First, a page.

"In life we all have an unspeakable secret, an irreversible regret, an unreachable dream and an unforgettable love." - Diego Marchi

It's three weeks and four days after the wedding when he sees the photograph framed in silver, sitting on the mantel like a portrait over a casket at a funeral, a silent testimony to a sudden loss.

She's put it there seemingly without thinking, a motion of habit, a buried truth unveiled without the realization that she has stripped her soul bare.

He lifts the picture, studying the man's face. He knows who he is without asking, without thinking. There's only one man she'd keep a picture of after her wedding to another.

He looks at her, face unreadable, expression careful. When he speaks his voice is just above a whisper.

"Why didn't you marry him?"

She answers without thinking, as if reading a line in a play.

"Because I fell in love with you instead."

And he smiles and kisses her, murmuring something about "being the lucky one to steal her heart."

Lying becomes a habit.


Her daughter is six years old the first time she notices the picture. A chubby hand reaches for it, running across the face and darting across the shining buttons of his uniform.

She asks who he is, and she answers, tone light and cheerful. The child considers it for a moment before asking the logical question.

"Why didn't you marry him?"

And she beams at the girl, kisses her on the cheek and tucks the picture back up in it's place.

"Because your daddy was so much more handsome."

She's only a child and too young to understand.


Her son is ten before he asks her about the man in the photograph. He's seen it a hundred times, even touched it once or twice. But one day he asks and she tells him that he was a man she dated before she married his father.

He puts it back where it belongs, and looks up at her.

"Why didn't you marry him?"

She takes off her apron and runs a hand through her hair, brushing back an errant strand as his blue eyes watch her.

"Because his work was too dangerous. I couldn't go through life wondering if your father was never coming home."

He considers that for a second before nodding.

"I'm glad you married Daddy instead." He grins at her, a dimple appearing in his cheek.

Each lie is somehow easier.


It's Christmas and they're decorating the house when a ladder accidentally falls, knocking against the mantel and sweeping the picture off. The glass shatters against the ground, spider-webbing across the photograph, but only one small sliver peirces it, stabbing a tiny hole in the center of the paper figure's chest.

She lifts it carefully, brushing away the glass with a tender touch, and her husband doesn't miss the gesture. He comes and puts an arm around her shoulder.

"I'll get a new glass for it tomorrow." He presses his lips to her hair and she reaches up to him, grateful for his love, his care, his understanding. Hot tears sting the backs of her eyes and she blinks them away before they can escape.

"Why didn't you marry him?" He asks quietly, the last time ever.

She doesn't look up.

"Because I was young and it was only a crush."

Sometimes she thinks she's forgotten the truth.


It's a crisp fall day and the women from the sewing circle are at her house. She's pouring coffee when one of the women remarks on the man behind the glass, the one in the uniform, looking into her after all these years.

"My boyfriend before I met my husband." She extends the pot and the woman accepts with a smile.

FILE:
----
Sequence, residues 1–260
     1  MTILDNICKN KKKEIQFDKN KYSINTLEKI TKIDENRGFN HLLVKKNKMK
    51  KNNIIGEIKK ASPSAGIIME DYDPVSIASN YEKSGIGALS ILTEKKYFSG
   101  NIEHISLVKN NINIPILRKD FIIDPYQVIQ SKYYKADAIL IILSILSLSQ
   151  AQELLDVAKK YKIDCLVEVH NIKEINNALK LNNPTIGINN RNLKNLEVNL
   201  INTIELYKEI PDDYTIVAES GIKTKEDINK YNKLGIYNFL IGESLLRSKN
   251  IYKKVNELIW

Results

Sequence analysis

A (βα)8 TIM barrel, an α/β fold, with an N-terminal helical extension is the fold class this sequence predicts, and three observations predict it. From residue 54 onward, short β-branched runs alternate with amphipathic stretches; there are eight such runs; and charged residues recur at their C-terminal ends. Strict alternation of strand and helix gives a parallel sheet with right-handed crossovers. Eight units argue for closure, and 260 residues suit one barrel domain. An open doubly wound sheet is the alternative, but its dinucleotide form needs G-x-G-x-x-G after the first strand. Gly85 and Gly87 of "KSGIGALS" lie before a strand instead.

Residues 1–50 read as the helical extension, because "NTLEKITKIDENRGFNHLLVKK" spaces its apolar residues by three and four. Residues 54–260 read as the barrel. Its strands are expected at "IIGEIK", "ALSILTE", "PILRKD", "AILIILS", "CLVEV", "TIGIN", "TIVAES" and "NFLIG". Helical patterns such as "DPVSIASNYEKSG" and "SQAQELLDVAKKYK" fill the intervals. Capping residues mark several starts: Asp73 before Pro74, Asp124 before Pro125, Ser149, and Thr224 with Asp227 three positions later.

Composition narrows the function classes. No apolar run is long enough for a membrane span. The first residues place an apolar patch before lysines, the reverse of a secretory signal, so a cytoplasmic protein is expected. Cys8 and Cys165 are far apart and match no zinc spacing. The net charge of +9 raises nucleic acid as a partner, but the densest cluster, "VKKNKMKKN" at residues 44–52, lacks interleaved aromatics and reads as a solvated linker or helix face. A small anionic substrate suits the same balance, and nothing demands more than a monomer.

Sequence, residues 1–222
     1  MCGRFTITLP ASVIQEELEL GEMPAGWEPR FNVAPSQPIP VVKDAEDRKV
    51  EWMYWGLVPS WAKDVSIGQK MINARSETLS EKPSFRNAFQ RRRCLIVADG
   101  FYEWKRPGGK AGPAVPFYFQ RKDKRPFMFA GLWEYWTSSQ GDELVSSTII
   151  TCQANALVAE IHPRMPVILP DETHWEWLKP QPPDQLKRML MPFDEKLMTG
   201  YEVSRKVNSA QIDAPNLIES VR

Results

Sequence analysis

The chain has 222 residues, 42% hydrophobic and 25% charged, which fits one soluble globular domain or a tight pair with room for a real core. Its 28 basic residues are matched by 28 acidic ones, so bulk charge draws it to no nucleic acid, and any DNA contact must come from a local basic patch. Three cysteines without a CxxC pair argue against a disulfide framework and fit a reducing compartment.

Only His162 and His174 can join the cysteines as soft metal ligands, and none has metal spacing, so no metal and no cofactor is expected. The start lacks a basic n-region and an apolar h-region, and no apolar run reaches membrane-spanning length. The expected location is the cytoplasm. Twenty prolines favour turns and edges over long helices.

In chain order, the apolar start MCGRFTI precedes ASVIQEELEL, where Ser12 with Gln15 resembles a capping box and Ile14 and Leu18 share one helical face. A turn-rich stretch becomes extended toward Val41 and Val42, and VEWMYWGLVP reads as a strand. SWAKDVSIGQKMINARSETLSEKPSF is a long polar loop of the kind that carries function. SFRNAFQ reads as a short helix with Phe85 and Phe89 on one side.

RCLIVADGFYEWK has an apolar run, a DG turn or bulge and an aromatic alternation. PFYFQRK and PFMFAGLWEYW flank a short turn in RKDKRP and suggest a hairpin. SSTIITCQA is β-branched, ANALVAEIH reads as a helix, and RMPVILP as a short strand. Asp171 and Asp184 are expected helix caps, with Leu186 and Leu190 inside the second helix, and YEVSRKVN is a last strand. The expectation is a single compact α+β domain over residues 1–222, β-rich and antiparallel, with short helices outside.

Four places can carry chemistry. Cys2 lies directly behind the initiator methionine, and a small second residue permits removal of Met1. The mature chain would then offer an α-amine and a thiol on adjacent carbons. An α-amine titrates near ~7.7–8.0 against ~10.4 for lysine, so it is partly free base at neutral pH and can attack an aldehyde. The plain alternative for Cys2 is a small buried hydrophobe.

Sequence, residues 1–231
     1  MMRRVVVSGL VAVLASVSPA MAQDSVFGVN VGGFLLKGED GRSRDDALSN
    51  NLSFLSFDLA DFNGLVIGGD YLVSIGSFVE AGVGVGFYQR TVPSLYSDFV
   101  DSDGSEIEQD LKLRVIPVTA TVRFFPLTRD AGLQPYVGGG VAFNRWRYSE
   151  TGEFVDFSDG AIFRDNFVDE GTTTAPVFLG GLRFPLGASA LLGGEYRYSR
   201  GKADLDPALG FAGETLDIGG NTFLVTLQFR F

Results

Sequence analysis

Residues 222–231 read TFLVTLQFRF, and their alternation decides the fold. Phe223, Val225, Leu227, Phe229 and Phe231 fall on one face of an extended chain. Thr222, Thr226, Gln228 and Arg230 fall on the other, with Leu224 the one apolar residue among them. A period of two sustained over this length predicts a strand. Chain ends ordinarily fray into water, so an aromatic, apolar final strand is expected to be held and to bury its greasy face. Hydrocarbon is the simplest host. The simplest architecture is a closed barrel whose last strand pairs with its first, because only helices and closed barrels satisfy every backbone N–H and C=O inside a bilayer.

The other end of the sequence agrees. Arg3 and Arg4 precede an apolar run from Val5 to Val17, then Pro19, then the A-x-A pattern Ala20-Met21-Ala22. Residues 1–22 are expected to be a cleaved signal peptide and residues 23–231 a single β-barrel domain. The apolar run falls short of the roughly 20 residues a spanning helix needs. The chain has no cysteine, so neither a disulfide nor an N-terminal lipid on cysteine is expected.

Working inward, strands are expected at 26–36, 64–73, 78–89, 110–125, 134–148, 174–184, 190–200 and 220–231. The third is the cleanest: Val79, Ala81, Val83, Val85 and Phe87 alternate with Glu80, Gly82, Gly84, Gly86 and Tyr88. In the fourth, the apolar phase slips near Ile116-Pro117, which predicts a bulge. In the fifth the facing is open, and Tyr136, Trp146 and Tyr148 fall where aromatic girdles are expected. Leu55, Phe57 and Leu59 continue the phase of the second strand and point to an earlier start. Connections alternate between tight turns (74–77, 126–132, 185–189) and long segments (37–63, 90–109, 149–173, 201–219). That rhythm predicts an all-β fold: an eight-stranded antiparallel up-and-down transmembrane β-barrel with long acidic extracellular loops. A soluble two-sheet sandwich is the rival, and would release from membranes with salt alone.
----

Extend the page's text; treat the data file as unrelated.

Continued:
"You must have been very much in love to keep his picture all these years." The woman says, not unkindly, but with a note of interest, as if expecting a tale of great tragedy and woe.

She looks up. "I was."

The woman leans forward. "Why didn't you marry him?"

She hasn't practiced the response but it comes unbidden, with the art of one who lies often. It seems to satisfy the woman.

"Because he went away."

He did, after all. He left her. But she didn't follow him.


Her daughter and her husband have been over half a dozen times before her son-in-law notices the photograph, worn and faded but still resting on the mantel as it has for so many years.

He asks first if it's a brother, and she tells him about a town called Mayberry, and of a deputy there she once loved.

He asks the question quietly, curiosity overcoming polite manners.

"Why didn't you marry him?"

She gives a careless shrug of her shoulders, indicating how long ago it was, and how little she thinks of it.

"Because he loved his work more than me."

She's told so many lies she almost believes them herself.


It's summer and she's packing all she owns, preparing to move out of the empty house she came to as a new bride, raised two children in, and returned one day a widow.

Suddenly, without realizing it, she has become old. The hands in her lap are gnarled with age, the face in the mirror lined, the hair snow white. Everything she owns has become an antique. Only the photograph on the mantel stays young and ageless, somehow immortal to the ravages of time.

Her granddaughter sees it, lifts it down, and questions who the stranger is.

"Barney Fife." She says, tasting the name, once familiar words somehow odd after all these years. "He was my first beau, before I met your grandfather."

"Did you love him?"

Thelma Lou gives a faint smile. "Yes."

The girl's head lifts from the picture, focusing on her, searching for the truth. The question is waiting in her eyes.

There are a hundred more answers buried within her, a thousand half-truths and white lies, countless excuses waiting to be given life. But she's told too many, lied too often. The truth can no longer hurt anyone.

"Why didn't you marry him?"

And she answers, voice quiet, etched with the weight of lost years and dead memories, faded, tattered, and but a whisper nearly forgotten.

"Because he never asked me."